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A ten-year search for synchronous cells: obstacles, solutions, and practical applications.

Helmstetter CE - Front Microbiol (2015)

Bottom Line: My effort to use synchronously dividing cultures to examine the Escherichia coli cell cycle involved a 10-year struggle with failure after failure punctuated by a few gratifying successes, especially at the end.In this essay, I recount my personal journey in this obsessive experimental pursuit.That narrative is followed by a description of a simplified version of the "baby machine," a technique that was developed to obtain minimally disturbed, synchronously growing E. coli cells.

View Article: PubMed Central - PubMed

Affiliation: Department of Biological Sciences, Florida Institute of Technology Melbourne, FL, USA.

ABSTRACT
My effort to use synchronously dividing cultures to examine the Escherichia coli cell cycle involved a 10-year struggle with failure after failure punctuated by a few gratifying successes, especially at the end. In this essay, I recount my personal journey in this obsessive experimental pursuit. That narrative is followed by a description of a simplified version of the "baby machine," a technique that was developed to obtain minimally disturbed, synchronously growing E. coli cells. Subsequent studies with this methodology led to an understanding of the basic properties of the relationship between chromosome replication and cell division. Accordingly, I end this reminiscence with a simple, fool-proof graphical strategy for deducing the pattern of chromosome replication during the division cycle of cells growing at any rate.

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Related in: MedlinePlus

Bacterial baby machine cartoon. Caricature of the technique sketched by Avshalom Falk while a student in the laboratory of Eliora Ron at Tel Aviv University.
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Figure 1: Bacterial baby machine cartoon. Caricature of the technique sketched by Avshalom Falk while a student in the laboratory of Eliora Ron at Tel Aviv University.

Mentions: Development and testing of this new approach progressed rapidly, with the final configuration consisting of simply filtering the cells onto a nitrocellulose membrane filter, inverting the filter apparatus, pumping medium through the filter, and collecting the cells that fell off (Helmstetter and Cummings, 1964). It eventually became known as the “baby machine,” and depicted with humor (Figure 1). I don't recall who first called it by that name, but it wasn't me since I continued to dub it “membrane elution,” true to my conservative writing style.


A ten-year search for synchronous cells: obstacles, solutions, and practical applications.

Helmstetter CE - Front Microbiol (2015)

Bacterial baby machine cartoon. Caricature of the technique sketched by Avshalom Falk while a student in the laboratory of Eliora Ron at Tel Aviv University.
© Copyright Policy - open-access
Related In: Results  -  Collection

License
Show All Figures
getmorefigures.php?uid=PMC4373376&req=5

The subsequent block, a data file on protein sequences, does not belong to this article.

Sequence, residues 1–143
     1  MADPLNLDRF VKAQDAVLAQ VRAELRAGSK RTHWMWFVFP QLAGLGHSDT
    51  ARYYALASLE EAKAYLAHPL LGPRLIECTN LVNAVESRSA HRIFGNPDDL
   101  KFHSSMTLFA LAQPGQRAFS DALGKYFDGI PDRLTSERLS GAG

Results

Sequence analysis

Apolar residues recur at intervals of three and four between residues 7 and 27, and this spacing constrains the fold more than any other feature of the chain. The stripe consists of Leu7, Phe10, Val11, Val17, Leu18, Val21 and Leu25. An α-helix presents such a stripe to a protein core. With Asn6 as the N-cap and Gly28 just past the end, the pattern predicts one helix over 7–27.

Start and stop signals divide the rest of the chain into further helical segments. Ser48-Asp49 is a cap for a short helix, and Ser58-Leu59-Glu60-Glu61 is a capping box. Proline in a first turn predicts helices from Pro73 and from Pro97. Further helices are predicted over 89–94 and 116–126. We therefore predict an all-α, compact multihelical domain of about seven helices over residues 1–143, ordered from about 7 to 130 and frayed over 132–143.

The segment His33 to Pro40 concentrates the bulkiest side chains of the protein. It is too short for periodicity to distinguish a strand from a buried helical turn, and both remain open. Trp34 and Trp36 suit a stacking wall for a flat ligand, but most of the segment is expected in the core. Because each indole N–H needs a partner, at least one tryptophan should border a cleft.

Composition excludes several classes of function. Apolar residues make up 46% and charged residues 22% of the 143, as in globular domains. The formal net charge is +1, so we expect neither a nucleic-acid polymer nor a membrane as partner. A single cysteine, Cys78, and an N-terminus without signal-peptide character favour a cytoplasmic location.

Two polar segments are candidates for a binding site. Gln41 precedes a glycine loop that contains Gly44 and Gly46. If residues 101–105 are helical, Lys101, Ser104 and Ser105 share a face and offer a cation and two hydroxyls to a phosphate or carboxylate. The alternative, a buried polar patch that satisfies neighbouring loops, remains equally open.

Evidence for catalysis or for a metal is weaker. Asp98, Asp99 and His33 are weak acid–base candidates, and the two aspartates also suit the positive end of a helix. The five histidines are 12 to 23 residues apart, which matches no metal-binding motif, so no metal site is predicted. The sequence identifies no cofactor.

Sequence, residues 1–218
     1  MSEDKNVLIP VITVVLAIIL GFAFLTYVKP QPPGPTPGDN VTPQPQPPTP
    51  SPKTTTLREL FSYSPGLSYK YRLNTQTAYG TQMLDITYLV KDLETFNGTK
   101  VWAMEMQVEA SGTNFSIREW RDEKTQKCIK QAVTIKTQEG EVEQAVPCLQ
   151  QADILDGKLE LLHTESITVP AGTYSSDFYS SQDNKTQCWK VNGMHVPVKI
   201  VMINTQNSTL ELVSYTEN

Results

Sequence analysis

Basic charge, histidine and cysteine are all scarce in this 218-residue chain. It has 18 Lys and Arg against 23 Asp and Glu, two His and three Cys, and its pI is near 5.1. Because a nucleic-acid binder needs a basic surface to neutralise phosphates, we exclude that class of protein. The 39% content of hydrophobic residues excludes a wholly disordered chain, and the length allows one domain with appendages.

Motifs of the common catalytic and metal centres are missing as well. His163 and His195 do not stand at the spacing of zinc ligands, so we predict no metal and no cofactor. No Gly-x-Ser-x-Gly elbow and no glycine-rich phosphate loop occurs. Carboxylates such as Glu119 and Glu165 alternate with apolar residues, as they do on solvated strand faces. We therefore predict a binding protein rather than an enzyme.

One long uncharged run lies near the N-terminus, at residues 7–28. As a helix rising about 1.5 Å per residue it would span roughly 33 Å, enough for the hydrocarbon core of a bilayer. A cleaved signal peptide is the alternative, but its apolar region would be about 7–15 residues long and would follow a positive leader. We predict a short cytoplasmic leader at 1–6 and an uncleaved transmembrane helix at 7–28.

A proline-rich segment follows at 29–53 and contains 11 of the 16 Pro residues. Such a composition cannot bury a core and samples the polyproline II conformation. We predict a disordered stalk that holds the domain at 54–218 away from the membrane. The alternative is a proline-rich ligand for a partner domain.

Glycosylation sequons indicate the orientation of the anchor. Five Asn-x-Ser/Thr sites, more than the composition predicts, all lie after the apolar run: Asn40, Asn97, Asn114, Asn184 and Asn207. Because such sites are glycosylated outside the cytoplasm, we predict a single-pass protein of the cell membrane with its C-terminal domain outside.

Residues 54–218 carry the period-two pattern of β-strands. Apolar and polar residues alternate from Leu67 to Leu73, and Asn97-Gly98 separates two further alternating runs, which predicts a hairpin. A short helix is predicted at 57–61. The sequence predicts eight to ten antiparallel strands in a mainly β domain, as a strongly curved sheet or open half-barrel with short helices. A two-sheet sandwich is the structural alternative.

Figure 1: Bacterial baby machine cartoon. Caricature of the technique sketched by Avshalom Falk while a student in the laboratory of Eliora Ron at Tel Aviv University.
Mentions: Development and testing of this new approach progressed rapidly, with the final configuration consisting of simply filtering the cells onto a nitrocellulose membrane filter, inverting the filter apparatus, pumping medium through the filter, and collecting the cells that fell off (Helmstetter and Cummings, 1964). It eventually became known as the “baby machine,” and depicted with humor (Figure 1). I don't recall who first called it by that name, but it wasn't me since I continued to dub it “membrane elution,” true to my conservative writing style.

Bottom Line: My effort to use synchronously dividing cultures to examine the Escherichia coli cell cycle involved a 10-year struggle with failure after failure punctuated by a few gratifying successes, especially at the end.In this essay, I recount my personal journey in this obsessive experimental pursuit.That narrative is followed by a description of a simplified version of the "baby machine," a technique that was developed to obtain minimally disturbed, synchronously growing E. coli cells.

View Article: PubMed Central - PubMed

Affiliation: Department of Biological Sciences, Florida Institute of Technology Melbourne, FL, USA.

ABSTRACT
My effort to use synchronously dividing cultures to examine the Escherichia coli cell cycle involved a 10-year struggle with failure after failure punctuated by a few gratifying successes, especially at the end. In this essay, I recount my personal journey in this obsessive experimental pursuit. That narrative is followed by a description of a simplified version of the "baby machine," a technique that was developed to obtain minimally disturbed, synchronously growing E. coli cells. Subsequent studies with this methodology led to an understanding of the basic properties of the relationship between chromosome replication and cell division. Accordingly, I end this reminiscence with a simple, fool-proof graphical strategy for deducing the pattern of chromosome replication during the division cycle of cells growing at any rate.

No MeSH data available.


Related in: MedlinePlus